The majority of BEDD members (which topped 100,000 in January 2006) are in Indonesia thanks to a partnership with Nokia where BEDD came pre-installed on several phone models. In management interviews, both BEDD and Nokia explained that they partnered because both companies want to help “build community”. They felt that Bluetooth technology such as BEDD could be used to help youth meet new people and keep in touch with old friends.
One of BEDD’s functions is to help lower barriers to social interaction in public spaces. By sharing profile information and allowing for free text messaging, BEDD can facilitate conversations between BEDD members. According to users, mediating the initial conversation also helps to alleviate social anxiety, which often accompanies meeting new people. While social mingling and hanging out between Jakarta teenagers is a relatively common practice, one user said that BEDD provides a new and fun way to meet and flirt. In a society that must balance between an “idealized morality” and an increasingly sexualized popular culture (Utomo 226), BEDD provides a modern mode of self-initiated matchmaking.
While BEDD was originally intended to aid in the matchmaking process of dating, it has been appropriated into everyday life in Indonesia because of its interpretive flexibility (Pinch & Bjiker 27). Though BEDD is certainly used to meet “beautiful girls” (according to one Indonesian male user), it is also commonly used to text message old friends. One member said he uses BEDD to text his friends in class when the lecture gets boring. BEDD appears to be a helpful modern communication tool when people are physically proximate but cannot easily talk to one another. BEDD can become a covert way to exchange messages with people nearby for free.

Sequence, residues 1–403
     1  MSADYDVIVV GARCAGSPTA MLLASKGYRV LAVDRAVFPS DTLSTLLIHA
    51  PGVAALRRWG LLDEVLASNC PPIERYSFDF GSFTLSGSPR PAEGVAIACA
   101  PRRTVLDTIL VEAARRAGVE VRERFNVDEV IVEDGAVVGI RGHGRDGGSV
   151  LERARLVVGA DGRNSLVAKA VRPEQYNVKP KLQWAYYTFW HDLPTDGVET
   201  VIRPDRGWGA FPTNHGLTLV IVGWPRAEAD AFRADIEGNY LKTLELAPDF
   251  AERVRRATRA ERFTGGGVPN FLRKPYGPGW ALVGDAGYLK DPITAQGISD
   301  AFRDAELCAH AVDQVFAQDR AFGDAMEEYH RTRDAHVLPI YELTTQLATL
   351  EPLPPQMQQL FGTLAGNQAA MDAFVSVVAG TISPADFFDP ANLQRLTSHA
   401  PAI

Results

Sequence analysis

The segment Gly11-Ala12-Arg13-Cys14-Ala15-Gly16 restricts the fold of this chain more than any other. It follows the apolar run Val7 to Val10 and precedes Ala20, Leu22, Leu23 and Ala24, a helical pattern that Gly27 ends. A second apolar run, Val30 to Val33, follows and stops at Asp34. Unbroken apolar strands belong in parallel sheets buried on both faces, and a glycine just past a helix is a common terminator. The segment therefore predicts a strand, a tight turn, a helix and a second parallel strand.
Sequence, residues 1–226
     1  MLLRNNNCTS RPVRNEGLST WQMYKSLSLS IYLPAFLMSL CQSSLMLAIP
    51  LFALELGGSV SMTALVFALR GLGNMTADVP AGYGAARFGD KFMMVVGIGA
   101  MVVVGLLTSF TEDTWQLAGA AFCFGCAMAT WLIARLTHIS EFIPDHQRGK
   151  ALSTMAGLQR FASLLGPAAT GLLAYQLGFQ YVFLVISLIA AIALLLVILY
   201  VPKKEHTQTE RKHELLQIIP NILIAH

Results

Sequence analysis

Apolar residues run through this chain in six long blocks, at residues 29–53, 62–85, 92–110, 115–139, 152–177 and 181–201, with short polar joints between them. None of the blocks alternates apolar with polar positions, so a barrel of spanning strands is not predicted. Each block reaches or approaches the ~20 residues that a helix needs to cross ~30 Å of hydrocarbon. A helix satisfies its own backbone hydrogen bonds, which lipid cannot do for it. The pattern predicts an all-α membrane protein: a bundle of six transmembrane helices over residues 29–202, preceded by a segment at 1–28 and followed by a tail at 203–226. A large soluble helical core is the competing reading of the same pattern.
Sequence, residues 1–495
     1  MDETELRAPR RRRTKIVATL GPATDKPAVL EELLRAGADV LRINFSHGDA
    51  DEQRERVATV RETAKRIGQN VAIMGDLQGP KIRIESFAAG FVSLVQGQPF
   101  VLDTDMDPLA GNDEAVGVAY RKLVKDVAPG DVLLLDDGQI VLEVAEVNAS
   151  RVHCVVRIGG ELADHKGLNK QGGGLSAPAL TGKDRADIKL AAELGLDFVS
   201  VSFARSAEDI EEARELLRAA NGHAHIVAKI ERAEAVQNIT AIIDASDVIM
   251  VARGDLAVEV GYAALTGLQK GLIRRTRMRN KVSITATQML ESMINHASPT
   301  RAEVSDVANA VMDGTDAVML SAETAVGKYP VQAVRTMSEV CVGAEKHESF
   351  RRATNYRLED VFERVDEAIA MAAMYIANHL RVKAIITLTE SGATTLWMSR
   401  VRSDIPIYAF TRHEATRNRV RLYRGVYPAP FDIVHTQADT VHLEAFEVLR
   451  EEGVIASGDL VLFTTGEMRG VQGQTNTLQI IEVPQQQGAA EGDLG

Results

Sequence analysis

Another potential explanation for BEDD’s increasing popularity is its ability to allow users to have private conversations in public space. Bennett notes that courtship in private spaces is seen as dangerous because it may lead to sexual impropriety (154). Dating and courtship in public spaces are seen as safer, particularly for conserving the reputation young Indonesian women. Therefore Bluetooth connections via mobile technologies can be a tool to make private social connections between young men and women “safer”. Bluetooth communication via mobile phones has also become prevalent in more conservative Muslim societies (Sullivan, par. 7; Braude, par. 3). There are, however, safety concerns about meeting strangers in public spaces. When asked, “What advice would you give a first time BEDD user?” one respondent answered, “harus bisa mnilai seseorang krn itu sangat penting, kita mnilai seseorang bukan cuma dari luarnya” (translated: be careful in evaluating (new) people, and don’t ever judge the book by its cover”). Nevertheless, only one person participating in this study mentioned this concern. To some degree meeting someone in a public may be safer than meeting someone in an online environment. Not only are there other people around in public spaces to physically observe, but co-location means there may be some accountability for how BEDD members present themselves.
The development and adoption of matchmaking services such as BEDD suggests that the role of the mobile phone in Indonesia is not just to communicate with friends and family but to act as a modern social networking tool as well. For young Indonesians BEDD can facilitate the transfer of social information so as to encourage the development of new social ties. That said, there is still debate about exactly whom BEDD is connecting and for what purposes. On one hand, BEDD could help build community in Indonesia. One the other hand, because of its privacy it could become a tool for more promiscuous activities (Bennett 154-5). There are user profiles to suggest that people are using BEDD for both purposes. For example, note what four young women in Jakarta wrote in the BEDD profiles:
|Personal Description||Looking For|
I am a good prayer, recite the holy book,
love saving (money), love cycling… and a bit narcist.
|Meaning of life|
Ordinary gurl, good student, single, Owen
lover, and the rest is up to you to judge.
|Phrenz ?! Peace?! Wondeful life!|
I am talkative, have no patience but so
sweet. I am so girly, narcist, shy and love cute guys. Check my fs
(Friendster) account if you’re so curious. Well, I am just an ordinary girl
Anybody who wants to know me. A boy
friend would be welcomed.
Play Station addict—can’t live without
it! I am a rebel, love rock, love hiphop, naughty, if you want proof dial
|phrenz n cute guyz|